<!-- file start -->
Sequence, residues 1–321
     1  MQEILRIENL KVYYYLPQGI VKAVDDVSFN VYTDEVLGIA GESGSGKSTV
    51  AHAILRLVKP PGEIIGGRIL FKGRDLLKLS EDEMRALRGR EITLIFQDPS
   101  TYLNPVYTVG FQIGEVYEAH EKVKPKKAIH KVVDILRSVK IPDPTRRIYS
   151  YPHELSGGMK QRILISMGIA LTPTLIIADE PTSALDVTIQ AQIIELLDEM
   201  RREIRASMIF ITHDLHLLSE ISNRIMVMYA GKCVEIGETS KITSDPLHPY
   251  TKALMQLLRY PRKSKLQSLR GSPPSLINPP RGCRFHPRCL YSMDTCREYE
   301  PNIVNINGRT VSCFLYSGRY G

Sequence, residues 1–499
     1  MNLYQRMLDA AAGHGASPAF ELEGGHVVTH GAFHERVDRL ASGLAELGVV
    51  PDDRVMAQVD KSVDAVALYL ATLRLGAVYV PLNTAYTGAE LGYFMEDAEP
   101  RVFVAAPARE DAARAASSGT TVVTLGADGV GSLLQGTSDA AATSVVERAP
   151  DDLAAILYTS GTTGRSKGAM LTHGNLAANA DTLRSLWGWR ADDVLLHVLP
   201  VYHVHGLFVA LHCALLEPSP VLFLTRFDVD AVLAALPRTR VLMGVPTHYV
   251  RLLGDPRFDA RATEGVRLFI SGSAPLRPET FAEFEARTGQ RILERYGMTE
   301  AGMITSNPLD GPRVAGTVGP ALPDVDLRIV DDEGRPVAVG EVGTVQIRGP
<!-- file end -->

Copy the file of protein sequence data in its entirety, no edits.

Sequence, residues 1–321
     1  MQEILRIENL KVYYYLPQGI VKAVDDVSFN VYTDEVLGIA GESGSGKSTV
    51  AHAILRLVKP PGEIIGGRIL FKGRDLLKLS EDEMRALRGR EITLIFQDPS
   101  TYLNPVYTVG FQIGEVYEAH EKVKPKKAIH KVVDILRSVK IPDPTRRIYS
   151  YPHELSGGMK QRILISMGIA LTPTLIIADE PTSALDVTIQ AQIIELLDEM
   201  RREIRASMIF ITHDLHLLSE ISNRIMVMYA GKCVEIGETS KITSDPLHPY
   251  TKALMQLLRY PRKSKLQSLR GSPPSLINPP RGCRFHPRCL YSMDTCREYE
   301  PNIVNINGRT VSCFLYSGRY G

Sequence, residues 1–499
     1  MNLYQRMLDA AAGHGASPAF ELEGGHVVTH GAFHERVDRL ASGLAELGVV
    51  PDDRVMAQVD KSVDAVALYL ATLRLGAVYV PLNTAYTGAE LGYFMEDAEP
   101  RVFVAAPARE DAARAASSGT TVVTLGADGV GSLLQGTSDA AATSVVERAP
   151  DDLAAILYTS GTTGRSKGAM LTHGNLAANA DTLRSLWGWR ADDVLLHVLP
   201  VYHVHGLFVA LHCALLEPSP VLFLTRFDVD AVLAALPRTR VLMGVPTHYV
   251  RLLGDPRFDA RATEGVRLFI SGSAPLRPET FAEFEARTGQ RILERYGMTE
   301  AGMITSNPLD GPRVAGTVGP ALPDVDLRIV DDEGRPVAVG EVGTVQIRGP